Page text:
Mental Health & the Military - 24/7 Support for the Military Community
Mental health is just as important for military and family readiness as physical fitness. While Military OneSource does not provide health care services, it does point members of the military family to the resources available to help. If you or someone you know is in crisis, contact the Military Crisis Line at 800-273-8255, then press 1, or access online chat by texting 838255.
Mental Health Matters in the Military
Just as physical fitness is a central part of military life, good mental health is as important for your well-being, and military and family readiness. Mental health challenges and issues shouldn't be ignored or hidden. There are lots of resources available to help anyone suffering get diagnosed and get better.
TRICARE’s Options for Opioid Treatment
TRICARE recently expanded mental health and substance use disorder, or SUD, services, adding outpatient programs and expanding options for opioid treatment. The benefits now provide a full range of mental health and substance use disorder treatments.
Military Policy and Treatment for Substance Use
To prevent and identify drug use among military personnel, Department of Defense policy requires service members to participate in random urinalysis testing. For those struggling with addiction, the military offers support. Here are the basics of its drug prevention program:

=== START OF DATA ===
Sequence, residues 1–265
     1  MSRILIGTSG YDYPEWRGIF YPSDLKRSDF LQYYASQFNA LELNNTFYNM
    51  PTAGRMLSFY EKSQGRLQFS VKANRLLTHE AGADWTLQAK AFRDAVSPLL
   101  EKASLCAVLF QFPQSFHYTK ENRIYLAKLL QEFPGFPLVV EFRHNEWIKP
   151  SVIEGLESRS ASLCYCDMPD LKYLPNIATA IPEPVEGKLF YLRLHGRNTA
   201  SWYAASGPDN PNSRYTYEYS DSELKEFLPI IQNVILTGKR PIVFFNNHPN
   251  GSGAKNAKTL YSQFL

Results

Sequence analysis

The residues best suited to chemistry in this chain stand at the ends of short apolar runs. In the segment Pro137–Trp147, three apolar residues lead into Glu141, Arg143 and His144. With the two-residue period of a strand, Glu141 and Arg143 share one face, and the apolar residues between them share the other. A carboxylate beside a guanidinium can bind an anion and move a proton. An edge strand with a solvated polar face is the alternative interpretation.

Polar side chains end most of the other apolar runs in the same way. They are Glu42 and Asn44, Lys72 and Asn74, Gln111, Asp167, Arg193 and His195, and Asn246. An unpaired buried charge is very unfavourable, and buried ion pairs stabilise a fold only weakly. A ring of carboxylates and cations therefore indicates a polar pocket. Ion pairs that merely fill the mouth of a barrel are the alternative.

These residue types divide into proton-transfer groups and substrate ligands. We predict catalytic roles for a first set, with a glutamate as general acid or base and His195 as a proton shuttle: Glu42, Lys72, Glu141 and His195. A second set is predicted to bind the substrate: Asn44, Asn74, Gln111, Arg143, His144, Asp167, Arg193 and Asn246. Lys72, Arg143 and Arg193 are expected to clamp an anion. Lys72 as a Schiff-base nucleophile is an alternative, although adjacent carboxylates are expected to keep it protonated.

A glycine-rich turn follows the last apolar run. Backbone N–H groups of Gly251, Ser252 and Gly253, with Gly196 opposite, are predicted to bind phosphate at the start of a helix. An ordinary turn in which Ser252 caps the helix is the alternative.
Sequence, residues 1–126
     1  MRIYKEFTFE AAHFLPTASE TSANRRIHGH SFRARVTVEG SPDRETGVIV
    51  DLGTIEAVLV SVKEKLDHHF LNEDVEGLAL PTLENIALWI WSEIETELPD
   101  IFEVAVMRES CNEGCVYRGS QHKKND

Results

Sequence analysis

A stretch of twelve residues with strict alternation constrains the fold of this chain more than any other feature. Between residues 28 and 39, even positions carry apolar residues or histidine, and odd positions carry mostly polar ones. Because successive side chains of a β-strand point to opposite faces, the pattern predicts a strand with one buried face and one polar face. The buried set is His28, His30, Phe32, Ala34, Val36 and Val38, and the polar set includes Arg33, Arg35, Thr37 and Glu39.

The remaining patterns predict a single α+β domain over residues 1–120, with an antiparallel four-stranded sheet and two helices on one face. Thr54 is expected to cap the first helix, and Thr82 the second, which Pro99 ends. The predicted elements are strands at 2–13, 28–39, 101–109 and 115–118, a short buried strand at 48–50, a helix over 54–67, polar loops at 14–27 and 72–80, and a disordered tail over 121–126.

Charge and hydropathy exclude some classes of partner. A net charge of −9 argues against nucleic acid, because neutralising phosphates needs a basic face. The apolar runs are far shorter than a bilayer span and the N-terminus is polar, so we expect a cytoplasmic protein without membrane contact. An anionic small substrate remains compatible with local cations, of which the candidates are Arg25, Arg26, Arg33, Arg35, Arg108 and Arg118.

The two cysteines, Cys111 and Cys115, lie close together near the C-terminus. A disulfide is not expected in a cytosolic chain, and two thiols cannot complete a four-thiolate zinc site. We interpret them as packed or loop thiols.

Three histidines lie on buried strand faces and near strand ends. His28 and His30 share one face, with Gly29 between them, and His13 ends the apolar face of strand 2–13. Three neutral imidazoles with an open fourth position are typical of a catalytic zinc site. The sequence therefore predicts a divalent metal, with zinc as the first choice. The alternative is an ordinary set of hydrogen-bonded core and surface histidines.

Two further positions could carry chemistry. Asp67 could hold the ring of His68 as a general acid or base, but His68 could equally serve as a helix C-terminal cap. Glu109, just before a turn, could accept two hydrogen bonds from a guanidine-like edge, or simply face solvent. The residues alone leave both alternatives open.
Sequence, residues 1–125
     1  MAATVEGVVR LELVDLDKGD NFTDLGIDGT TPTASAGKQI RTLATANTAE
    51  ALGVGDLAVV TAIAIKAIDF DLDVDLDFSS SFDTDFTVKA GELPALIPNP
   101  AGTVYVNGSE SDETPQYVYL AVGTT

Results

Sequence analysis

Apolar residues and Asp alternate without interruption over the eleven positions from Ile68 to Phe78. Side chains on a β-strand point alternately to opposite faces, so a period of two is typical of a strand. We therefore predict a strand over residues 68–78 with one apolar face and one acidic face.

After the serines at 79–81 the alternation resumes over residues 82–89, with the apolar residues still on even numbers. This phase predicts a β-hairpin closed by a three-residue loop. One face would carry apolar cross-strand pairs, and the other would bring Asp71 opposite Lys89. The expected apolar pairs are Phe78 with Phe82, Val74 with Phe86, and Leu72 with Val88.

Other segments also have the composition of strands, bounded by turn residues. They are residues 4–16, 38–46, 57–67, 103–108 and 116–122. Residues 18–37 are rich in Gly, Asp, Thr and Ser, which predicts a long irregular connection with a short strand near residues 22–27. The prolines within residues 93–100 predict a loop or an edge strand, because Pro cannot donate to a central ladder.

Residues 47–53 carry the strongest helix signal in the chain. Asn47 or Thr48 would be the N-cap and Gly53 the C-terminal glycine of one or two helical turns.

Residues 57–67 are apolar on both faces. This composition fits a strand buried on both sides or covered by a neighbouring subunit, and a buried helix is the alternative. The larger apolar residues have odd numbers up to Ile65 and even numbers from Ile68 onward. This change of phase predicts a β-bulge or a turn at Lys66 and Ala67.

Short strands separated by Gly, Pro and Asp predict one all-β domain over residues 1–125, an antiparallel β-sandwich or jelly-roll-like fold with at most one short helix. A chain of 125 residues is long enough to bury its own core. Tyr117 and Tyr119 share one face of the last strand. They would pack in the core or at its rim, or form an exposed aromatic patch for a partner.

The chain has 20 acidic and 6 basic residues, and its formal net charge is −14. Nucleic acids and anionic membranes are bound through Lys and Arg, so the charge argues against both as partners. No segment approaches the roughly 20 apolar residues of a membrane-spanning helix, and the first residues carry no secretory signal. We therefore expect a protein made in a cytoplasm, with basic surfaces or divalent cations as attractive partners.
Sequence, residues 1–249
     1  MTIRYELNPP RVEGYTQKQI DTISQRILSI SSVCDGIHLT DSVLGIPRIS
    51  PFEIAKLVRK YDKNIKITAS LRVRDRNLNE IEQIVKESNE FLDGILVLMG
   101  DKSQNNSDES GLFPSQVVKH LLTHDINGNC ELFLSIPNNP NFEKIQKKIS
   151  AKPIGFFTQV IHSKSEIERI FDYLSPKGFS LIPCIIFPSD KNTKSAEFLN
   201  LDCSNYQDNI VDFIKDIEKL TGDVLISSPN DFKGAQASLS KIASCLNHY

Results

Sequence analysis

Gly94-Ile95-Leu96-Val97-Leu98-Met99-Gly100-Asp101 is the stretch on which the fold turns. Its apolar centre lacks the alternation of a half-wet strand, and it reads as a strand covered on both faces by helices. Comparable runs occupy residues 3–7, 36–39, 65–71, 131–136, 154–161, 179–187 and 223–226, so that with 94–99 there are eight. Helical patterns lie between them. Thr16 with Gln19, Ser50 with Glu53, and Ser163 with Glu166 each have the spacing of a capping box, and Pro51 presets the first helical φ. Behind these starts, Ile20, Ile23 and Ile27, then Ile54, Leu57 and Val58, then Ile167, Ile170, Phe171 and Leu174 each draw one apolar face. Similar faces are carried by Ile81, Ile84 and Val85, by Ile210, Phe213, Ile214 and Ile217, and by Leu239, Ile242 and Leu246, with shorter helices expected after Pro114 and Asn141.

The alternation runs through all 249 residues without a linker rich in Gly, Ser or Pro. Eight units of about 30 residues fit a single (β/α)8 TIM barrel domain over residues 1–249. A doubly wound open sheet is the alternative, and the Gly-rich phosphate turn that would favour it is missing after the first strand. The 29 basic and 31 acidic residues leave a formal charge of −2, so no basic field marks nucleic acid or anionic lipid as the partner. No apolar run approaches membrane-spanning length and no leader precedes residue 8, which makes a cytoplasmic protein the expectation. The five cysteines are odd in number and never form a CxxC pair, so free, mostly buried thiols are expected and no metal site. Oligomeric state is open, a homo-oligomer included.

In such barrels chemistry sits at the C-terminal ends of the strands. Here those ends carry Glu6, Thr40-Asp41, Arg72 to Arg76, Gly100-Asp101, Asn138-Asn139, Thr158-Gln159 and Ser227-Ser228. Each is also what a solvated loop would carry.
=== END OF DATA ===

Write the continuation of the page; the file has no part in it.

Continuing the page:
Does Receiving Psychological Health Care Affect Security Clearance?
The Department of Defense wants you to know that getting help for a psychological issue is a sign of strength. Speaking up can be a sign of good judgment, responsible behavior and a commitment to performance.
Recovering from a Drug or Alcohol Use Problem
If you have a problem with drugs or alcohol, change is possible. It typically takes treatment, support from others, commitment and hard work.
Understanding and Identifying Substance Use Disorders
Understanding and identifying a substance use problem, whether your own or that of a friend, can be the beginning of a better life. Learn how to identify the warning signs of substance use disorders and where to get help.
Helping You and Your Family Survive a Suicide
Surviving the suicide of a loved one is different than a “natural death” and can be especially traumatic. It is common for survivors to feel that they didn’t do enough to save their loved one, creating feelings of what is called “survivor guilt.”
Suicide is a serious concern in military communities; service members and their families deal with a great number of stressors. You can help reduce the risk of suicide. Pay attention to those around you — or reach out to talk to someone if you feel you can’t cope.
When a Service Member May Be at Risk for Suicide
Suicide prevention is a serious issue for service members and their loved ones. Stress that never seems to let up can affect anyone, and some service members may be at greater risk for suicide than others.
Talking to Your Military Teen About Substance Use
With the challenges of long family separations and permanent change of station moves, military teens may be more vulnerable to drug and alcohol use. Certain common challenges like a need for social acceptance at a new school may prompt teens to act before considering consequences.
How to Cope With a Traumatic Event
A violent act, catastrophic accident, or sudden loss can leave you feeling anxious and fearful, which are normal reactions. But if anxiety and fears are taking over your or a loved one's life, you may want to consider professional help.